The Nevada Revised Statutes state, at Section 293B.065, that the “voting system must secure to the voter privacy and independence in the act of voting.”  Possibly this was interpreted by Nevada officials mean that you have privacy during the actual act of voting, but after you leave the polling place it’s okay for poll workers to review how everyone voted.

            Audit trails, as distinguished from ballot rails, are a different matter.  They normally maintain, when properly implemented and not compromised, a record of events surrounding the election, such as the opening of polls, loading of ballot styles, recording a vote, performing administrative functions, etc.  These are necessary to reconstruct the steps that were taken during the election so that procedural integrity can be assured.



            The belief is widespread that a ballot trail can be used to accomplish a reliable recount.  Aside from recounts that are mandated by law, such as the 1% manual recount in California, recounts generally occur only when balloting has been close.  Where the recount involves physical ballots, the people who handle them during the counting have the ability to alter them, dispose of them or substitute others.  This is a time-honored method.  Because voting has been close, only a small amount of manipulation is needed to affect the outcome.  By contrast, properly encrypted electronic records cannot be lost or altered.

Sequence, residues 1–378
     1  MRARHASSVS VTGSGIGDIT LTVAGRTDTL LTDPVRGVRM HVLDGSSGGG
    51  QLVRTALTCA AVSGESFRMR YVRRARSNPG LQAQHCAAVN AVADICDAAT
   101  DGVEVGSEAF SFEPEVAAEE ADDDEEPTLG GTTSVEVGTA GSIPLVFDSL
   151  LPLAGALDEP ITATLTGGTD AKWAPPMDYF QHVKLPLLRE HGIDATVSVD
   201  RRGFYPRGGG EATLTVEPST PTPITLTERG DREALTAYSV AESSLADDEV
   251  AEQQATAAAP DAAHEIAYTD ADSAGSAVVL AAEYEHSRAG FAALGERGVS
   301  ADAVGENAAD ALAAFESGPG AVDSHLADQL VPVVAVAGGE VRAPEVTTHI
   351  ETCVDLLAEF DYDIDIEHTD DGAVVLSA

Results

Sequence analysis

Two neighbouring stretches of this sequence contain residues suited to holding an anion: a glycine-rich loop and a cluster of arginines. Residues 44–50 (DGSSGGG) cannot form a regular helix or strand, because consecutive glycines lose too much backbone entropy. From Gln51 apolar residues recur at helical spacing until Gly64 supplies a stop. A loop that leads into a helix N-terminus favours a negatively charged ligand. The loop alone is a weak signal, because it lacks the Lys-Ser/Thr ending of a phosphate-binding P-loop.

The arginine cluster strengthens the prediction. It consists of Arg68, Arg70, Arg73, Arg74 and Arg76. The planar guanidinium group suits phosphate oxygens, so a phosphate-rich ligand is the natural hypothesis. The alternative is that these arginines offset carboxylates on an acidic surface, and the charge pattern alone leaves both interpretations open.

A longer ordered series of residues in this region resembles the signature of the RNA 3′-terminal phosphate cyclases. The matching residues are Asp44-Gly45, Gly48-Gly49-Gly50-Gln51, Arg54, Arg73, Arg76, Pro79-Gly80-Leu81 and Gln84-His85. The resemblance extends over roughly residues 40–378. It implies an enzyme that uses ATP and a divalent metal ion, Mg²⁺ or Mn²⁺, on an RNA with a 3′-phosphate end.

Security Evaluation

            Security cannot be evaluated without a well-articulated threat model.  The reason is that without such a model it is impossible to determine whether the system adequately resists the threats.  The model is just as important as the standards that relate to it.  Unless the model is comprehensive and agreed upon, any resulting standards will induce a false sense of security even if they are met.

            Let’s be serious.  No set of static equipment standards will do the job.  Every system is used within a real-life context of state, county and polling place culture, laws and procedures.  Election officials, inspectors, watchers, voters and politicians all operate with differing degrees of vigilance and experience.  The notion that some collection of standards will suffice to ensure voting system security is a pipe dream.